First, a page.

Whilst I haven’t personally tried any Auric Cosmetics products, I can guarantee they’re excellent. How do I know? Because Auric was founded by the one and only Samantha Ravndahl; a Canadian beauty influencer and the most hilarious person on YouTube. As a makeup artist and beauty enthusiast myself, I’ve spent years following Sam on her beauty journey. 

Sam has been in the beauty industry for many years as a makeup artist and as a beauty influencer so she knows her stuff when it comes to products. Just ask anyone who’s tried Auric Cosmetics. Heck, I haven’t even tried her products but I know she’d never come out with something crappy.  

Auric is a luxury beauty brand with a focus on inclusivity and high-quality products. They currently sell two products (which they sold out of quite quickly), and from the rave reviews online, this brand has become a fan favorite in no time. 

Setting aside their products and mission, Auric as a brand is aesthetically pleasing. They have a beautiful website with professional images and video that extends to their Instagram as well. Their branding is on point. 

As I was researching the brand, I found an area of improvement. An area that goes by the name of Twitter. Auric has a registered Twitter profile but it’s not active, they have a low follower count compared to their other social platforms, and it doesn’t seem like they’re taking actionable steps to improve it. 

So I took it upon myself to do so. 

I created a mock-up Twitter profile for Auric and came up with a week’s worth of content they could implement to get their account up and running. I also created a content calendar using Notion to show how a content calendar works and how you can use it in a team setting. 

My main goal with this project is to get their account running but also use it to start interacting and becoming a part of the beauty community on Twitter. And eventually, through that interaction, increase the follower count to match their other social platforms. 

For the Twitter posts, I aimed to create content followers and customers can engage with and feel like a part of Auric. All of that while keeping them as short as possible. I only had 140 characters after all.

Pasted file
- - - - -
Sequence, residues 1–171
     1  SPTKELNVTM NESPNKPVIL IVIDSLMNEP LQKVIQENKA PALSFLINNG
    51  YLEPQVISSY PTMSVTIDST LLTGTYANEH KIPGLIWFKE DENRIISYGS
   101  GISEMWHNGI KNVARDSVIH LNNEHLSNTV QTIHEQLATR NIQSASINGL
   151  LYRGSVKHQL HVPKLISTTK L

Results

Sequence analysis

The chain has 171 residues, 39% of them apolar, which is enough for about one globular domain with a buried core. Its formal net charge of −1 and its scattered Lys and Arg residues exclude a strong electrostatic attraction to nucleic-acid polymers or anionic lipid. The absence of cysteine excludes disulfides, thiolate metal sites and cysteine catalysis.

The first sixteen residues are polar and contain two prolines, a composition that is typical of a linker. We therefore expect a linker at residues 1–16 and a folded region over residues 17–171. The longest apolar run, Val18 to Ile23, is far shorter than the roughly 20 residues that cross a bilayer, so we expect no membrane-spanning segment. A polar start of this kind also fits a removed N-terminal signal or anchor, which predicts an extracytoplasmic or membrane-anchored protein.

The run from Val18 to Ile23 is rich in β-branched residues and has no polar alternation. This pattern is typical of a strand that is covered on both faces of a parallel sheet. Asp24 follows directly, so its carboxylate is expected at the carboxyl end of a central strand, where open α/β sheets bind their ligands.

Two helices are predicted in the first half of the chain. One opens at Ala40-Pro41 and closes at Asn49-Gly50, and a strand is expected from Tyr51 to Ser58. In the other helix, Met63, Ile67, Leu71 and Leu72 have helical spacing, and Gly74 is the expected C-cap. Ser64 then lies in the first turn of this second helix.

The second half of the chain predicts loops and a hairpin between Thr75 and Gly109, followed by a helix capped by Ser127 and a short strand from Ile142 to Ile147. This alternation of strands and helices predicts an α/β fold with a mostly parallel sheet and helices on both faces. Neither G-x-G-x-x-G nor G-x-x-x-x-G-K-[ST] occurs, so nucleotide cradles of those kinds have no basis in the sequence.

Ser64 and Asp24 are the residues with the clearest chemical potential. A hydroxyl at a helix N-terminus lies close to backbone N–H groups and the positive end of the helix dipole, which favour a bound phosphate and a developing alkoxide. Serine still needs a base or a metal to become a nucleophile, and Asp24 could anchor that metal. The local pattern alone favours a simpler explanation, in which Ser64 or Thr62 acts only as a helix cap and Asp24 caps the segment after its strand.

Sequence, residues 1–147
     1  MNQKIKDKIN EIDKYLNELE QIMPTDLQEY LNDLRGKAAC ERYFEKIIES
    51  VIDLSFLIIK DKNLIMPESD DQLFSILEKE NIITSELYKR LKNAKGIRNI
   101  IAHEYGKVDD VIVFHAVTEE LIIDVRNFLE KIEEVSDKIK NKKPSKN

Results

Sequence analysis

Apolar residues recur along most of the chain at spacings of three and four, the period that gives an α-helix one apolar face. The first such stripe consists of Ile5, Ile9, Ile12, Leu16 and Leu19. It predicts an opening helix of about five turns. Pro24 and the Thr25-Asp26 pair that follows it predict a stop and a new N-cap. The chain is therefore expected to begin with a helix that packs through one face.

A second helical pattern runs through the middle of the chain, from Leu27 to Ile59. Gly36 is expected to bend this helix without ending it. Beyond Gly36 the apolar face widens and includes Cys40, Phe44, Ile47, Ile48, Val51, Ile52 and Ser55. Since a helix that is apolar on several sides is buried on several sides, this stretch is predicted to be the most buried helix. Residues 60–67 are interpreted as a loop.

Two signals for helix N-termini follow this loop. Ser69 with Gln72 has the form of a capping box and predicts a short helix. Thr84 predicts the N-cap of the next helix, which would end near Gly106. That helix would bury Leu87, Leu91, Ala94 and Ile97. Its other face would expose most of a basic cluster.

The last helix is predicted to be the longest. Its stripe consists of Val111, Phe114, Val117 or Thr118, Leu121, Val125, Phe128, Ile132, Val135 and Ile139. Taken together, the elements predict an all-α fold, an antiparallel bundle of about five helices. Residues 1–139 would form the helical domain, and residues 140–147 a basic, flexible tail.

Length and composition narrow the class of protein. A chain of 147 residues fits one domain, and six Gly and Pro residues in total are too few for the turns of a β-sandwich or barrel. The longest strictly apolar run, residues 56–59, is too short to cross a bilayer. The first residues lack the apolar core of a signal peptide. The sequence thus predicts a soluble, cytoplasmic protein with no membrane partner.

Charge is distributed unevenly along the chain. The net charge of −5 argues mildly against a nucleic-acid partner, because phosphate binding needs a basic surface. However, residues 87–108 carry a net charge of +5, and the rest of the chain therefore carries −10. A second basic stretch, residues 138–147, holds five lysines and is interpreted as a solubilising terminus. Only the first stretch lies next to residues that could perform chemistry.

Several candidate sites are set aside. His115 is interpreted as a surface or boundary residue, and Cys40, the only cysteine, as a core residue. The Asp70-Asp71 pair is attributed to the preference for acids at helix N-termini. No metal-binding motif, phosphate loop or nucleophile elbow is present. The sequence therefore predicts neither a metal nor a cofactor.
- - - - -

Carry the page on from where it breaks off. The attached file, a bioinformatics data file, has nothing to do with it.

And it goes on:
Let me break these posts down and show you what I mean.

Post #1

Target: New Customers 
Goal: Educate followers on Auric products

First up, I made an informative post linking back to one of Sam’s videos where she teaches you how to use Auric products. Customers who buy Auric products because they’re fans of Sam might have watched the video already. But customers who come from other channels probably haven’t. There is a lot of beautiful, high-quality content on Auric and Sam’s social media platforms already and Twitter is a great place to repurpose said content.

Post #2

Target: Beauty Content Creators
Goal: Post engagement & content compilation

Next, I created an engaging post that encourages followers to share their looks wearing Auric products. This is mostly applicable for beauty creators that are comfortable sharing pictures of themselves on Twitter. Lucky for Auric, there’s a big beauty community on Twitter. A post like this is not only a great way to engage with them but it’s also a great way to compile material that Auric can retweet and like to give some love and appreciation back to their followers.

Post #3 

Target: Active Followers
Goal: Ramp up post engagement

Then I made a fun post to play a game with Auric’s followers. Auric is not a super-serious luxury brand so posts like this are a fun way to create engagement within a post while gaining some insight on the followers. The action of voting through likes and retweets makes it easy for followers to engage with the content without having to think much about it. It’s also a good break from only sharing Auric-related content.

Post #4

Target: Active Followers & Loyal Customers 
Goal: Direct Twitter followers to Instagram

This giveaway post is a bit different from the other ones. Since the giveaway is hypothetically hosted on Instagram, any followers or customers who want to enter must redirect to Instagram. That might turn some Twitter followers into Instagram followers as well! Plus, reposting content across platforms not only makes it easy to come up with content ideas but it’s a great way to keep your followers in the loop.

Post #5

Target: Active followers & Twitter Beauty Community 
Goal: Break up the feed & ramp-up post engagement